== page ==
In an attempt to increase the runrate with pinch hitter Brendon Julian, Ponting scored an unbeaten 18 from 10 balls at number four. Ponting scored 20, 23 and 36 in the following matches against the West Indies, India and Zimbabwe. In the last match of the Super Six stage of the tournament, Australia were to play South Africa in a match they needed to win to make the semi-finals. South Africa batted first and scored 271, before Australia slumped to 3/48. Steve Waugh joined Ponting in the middle and scored 22 runs in ten overs.

They were involved in a 126-run stand until Ponting fell for 69 scored in 110 balls, including five fours and two sixes. Waugh went on to make 120 off 110 deliveries helping Australia win with two balls to spare. The sides met again in their next match, this time in the semi-final at Edgbaston. Australia only managed 213, with Ponting contributing a solid 37 from 48 balls. In reply, South Africa started strongly talking 45 from the first nine overs without the loss of a wicket.

However, Shane Warne dismissed Herschelle Gibbs and Gary Kirsten before long and eventually took 4/29 from 10 overs. The last over started with the Africans needing nine runs with one wicket in hand. Lower-order hitter, Lance Klusener, proceeded to score eight runs in the next two balls. Drama followed, as Donald was run-out two balls later, resulting in a tie.

Australia qualified for the final as they finished higher on the Super Six table. They comfortably accounted for Pakistan in the final, winning by eight wickets, after they were set a target of 132. Ponting scored 24 in Australia’s first World Cup win since 1987. He ended the tournament with 354 runs at 39.33.

Ponting was overlooked the ODI vice-captaincy, with Gilchrist given the role; however, Ponting captained a Northern Territory XI against the West Indies in the lead-up to the upcoming series. Though not known for extravagant claims, Steve Waugh told a journalist that Ponting could easily be the best batsman in the world, and put him alongside Sachin Tendulkar and Brian Lara.

When Jamie Cox was selected for Australia A, Ponting was selected as captain of Tasmania for a domestic one-day match against Victoria. His men won by nine wickets, with Ponting scoring an unbeaten 64 from 69 balls. Australia white-washed the West Indies 5 - 0 in the Test series; Ponting scored a modest 242 runs at 40.33, with a high score of 92.

First World Cup success as Captain

Australia went into their opening match with little choice over their line-up, and Symonds having to play. However, Symonds repaid Ponting’s faith with an unbeaten 140 after Australia lost three quick wickets to be in early trouble. Australia beat Pakistan, and gained further momentum by defeating India by nine wickets in less than half their allotted overs in the next match. Ponting performed solidly with 53 against Pakistan and 24 not out, hitting the winning runs to guide Australia home.

He began the Super Six stage with a massive 114 against Sri Lanka. This innings included 4 sixes and he was very aggressive. He failed in the rest of the Super Six stage and the semi-final against the same opposition (Sri Lanka). In the Final, they met India, who they had crushed in the group stage. Indian captain Sourav Ganguly controversially sent the Australians in to bat, citing cloud cover, but Ponting’s batsmen attacked immediately and put the Indian bowlers under pressure.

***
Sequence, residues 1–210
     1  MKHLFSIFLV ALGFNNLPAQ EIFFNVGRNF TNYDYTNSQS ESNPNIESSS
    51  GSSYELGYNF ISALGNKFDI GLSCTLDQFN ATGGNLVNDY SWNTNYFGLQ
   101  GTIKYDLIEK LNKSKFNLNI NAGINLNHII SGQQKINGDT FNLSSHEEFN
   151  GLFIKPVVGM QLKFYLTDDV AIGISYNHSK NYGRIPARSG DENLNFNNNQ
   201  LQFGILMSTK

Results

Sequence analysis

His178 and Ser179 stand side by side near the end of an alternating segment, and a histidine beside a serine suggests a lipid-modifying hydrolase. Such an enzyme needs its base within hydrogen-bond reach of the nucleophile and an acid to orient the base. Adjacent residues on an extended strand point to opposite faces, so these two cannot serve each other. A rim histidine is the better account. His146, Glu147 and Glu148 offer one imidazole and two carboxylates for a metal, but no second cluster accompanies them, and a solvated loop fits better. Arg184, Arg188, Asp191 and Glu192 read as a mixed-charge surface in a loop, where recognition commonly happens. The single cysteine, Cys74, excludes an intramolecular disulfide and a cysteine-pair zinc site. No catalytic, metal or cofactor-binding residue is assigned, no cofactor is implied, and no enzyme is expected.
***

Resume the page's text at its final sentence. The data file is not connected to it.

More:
They went on to score 359 for 2 wickets, a record for a world cup final by over 100 runs. Ponting top-scored with a brilliant 140 not out from 121 balls. India’s batsmen could not cope with the target, and were defeated by a record (for World Cup Final matches) 125 runs. Ponting led his team to a dominant, undefeated, performance in the 2003 Cricket World Cup, winning all 11 of their matches.

2003 World Cup teams

Fourteen teams played in the 2003 World Cup, the largest number of teams to play in a Cricket World Cup at the time. The 10 Test playing nations automatically qualified for the tournament including the recently appointed member Bangladesh, while Kenya also qualified automatically due to their full One Day International status.

The other three spots were filled by the top three teams in the 2001 ICC Trophy in Canada, which served as a qualifying tournament. These teams were, respectively, the Netherlands who won the ICC Trophy, Canada and Namibia. This was Namibia’s World Cup debut, while the Netherlands and Canada were both appearing in the tournament for the second time, having previously appeared in 1996 and 1979 respectively.

The format used in the 1999 World Cup was retained, with the 14 teams divided into two groups of seven, and the top three from each group qualifying for the Super Sixes stage, carrying forward the results they had achieved against other qualifiers from their group. The top four teams in the Super Sixes qualified for the semi-finals, and the winners of those matches contested the final.